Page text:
Fearchar, Earl of Ross

Fearchar of Ross or Ferchar mac in tSagairt (Fearchar mac an t-sagairt, often anglicized as Farquhar MacTaggart), was the first Mormaer or Earl of Ross (1223-1251) we know of from the thirteenth century, whose career brought Ross into the fold of the Scottish kings for the first time, and who is remembered as the founder of the Earldom of Ross.

Enlarge picture
Hutton's sketch of Ferchar's tomb, Fearn Abbey, 1819.


The traditional story is that Fearchar was part of the ancient family who provided the hereditary lay abbots of Applecross. This idea goes back to the work of the great William F. Skene, and indeed, even before him, with W. Reeves, whom Skene cited.[1] The historian Alexander Grant has recently challenged this theory, arguing that the evidence for this origin is far too thin to contradict the intuitive and well attested idea that he came from Easter Ross. Grant takes up the idea instead that mac an t-Sacairt (= Son of the Priest') probably refers to a background as keeper of the shrine to St Duthac, at Tain, Scotland.[2]


Scholarly work on Fearchar has led to the conclusion that Fearchar was a native nobleman who benefitted by upholding the interests of the King of Scots.[3] Fearchar emerges from nothingness in 1215, as the local warlord who crushed a large-scale revolt against the Scottish king, Alexander II. The Chronicle of Melrose reported that :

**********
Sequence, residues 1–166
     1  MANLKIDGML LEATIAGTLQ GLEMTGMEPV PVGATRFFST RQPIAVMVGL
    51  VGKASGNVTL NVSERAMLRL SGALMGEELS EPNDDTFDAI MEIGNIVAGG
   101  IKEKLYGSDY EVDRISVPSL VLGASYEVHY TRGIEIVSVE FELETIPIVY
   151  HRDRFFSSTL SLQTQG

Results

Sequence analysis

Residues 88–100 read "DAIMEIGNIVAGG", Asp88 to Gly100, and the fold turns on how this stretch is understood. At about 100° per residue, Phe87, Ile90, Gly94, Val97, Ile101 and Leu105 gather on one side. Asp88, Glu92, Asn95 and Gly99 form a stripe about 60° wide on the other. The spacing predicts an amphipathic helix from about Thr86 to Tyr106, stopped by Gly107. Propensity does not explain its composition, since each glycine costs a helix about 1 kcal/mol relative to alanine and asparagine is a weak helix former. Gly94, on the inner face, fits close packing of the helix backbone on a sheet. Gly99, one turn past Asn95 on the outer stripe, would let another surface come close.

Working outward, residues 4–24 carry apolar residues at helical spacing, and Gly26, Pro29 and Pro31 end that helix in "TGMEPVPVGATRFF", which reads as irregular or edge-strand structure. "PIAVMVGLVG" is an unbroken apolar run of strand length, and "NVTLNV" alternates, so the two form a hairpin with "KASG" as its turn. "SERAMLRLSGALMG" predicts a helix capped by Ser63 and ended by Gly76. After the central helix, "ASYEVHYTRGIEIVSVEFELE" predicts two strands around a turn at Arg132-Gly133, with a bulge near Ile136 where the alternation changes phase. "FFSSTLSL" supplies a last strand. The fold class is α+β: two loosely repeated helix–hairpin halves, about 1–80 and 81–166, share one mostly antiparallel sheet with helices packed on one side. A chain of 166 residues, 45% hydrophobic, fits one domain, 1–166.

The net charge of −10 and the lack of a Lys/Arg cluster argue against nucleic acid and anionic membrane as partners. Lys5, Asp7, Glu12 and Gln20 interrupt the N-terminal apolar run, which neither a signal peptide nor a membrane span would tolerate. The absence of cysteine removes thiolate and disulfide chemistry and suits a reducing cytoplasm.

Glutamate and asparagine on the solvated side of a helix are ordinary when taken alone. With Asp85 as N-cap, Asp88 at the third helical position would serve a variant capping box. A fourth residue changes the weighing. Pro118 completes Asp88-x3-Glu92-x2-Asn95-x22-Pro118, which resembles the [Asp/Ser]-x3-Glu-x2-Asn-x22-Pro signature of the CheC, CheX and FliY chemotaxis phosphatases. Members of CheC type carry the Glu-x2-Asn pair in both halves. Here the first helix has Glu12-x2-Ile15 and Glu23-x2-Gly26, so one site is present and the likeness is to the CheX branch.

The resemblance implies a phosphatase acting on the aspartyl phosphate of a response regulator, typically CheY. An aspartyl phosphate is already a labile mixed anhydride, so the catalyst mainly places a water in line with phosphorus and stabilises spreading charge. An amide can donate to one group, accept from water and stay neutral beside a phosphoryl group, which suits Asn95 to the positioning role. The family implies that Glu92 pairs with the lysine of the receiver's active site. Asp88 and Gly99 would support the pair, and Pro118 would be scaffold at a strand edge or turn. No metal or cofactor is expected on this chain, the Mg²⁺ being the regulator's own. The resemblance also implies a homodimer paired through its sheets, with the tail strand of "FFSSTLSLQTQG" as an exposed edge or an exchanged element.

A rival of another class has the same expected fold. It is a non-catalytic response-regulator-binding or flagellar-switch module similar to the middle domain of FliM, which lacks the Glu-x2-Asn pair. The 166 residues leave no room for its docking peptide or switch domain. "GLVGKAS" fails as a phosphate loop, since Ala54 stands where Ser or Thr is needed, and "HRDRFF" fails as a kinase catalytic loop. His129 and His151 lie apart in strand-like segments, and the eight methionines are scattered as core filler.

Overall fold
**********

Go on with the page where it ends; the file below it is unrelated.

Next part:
"Machentagar attacked them and mightily overthrew the king's enemies; and he cut off their heads and presented them as gifts to the new king ... And because of this, the lord king appointed him a new knight."[4]

Fearchar's ability to defeat the proven might of the Meic Uilleim and MacHeths together suggests that Fearchar could command large military resources, and as McDonald points out, this can hardly be entirely explained by his background as a hereditary priest from Tain.[5] However, it should be remembered that the Scottish kings themselves were hardly without authority in Ross, and their position could command social power even in this distant land, something proved by the MacWilliams, whose authority depended on their descent from a Scottish king. Fearchar's power then is not so mysterious.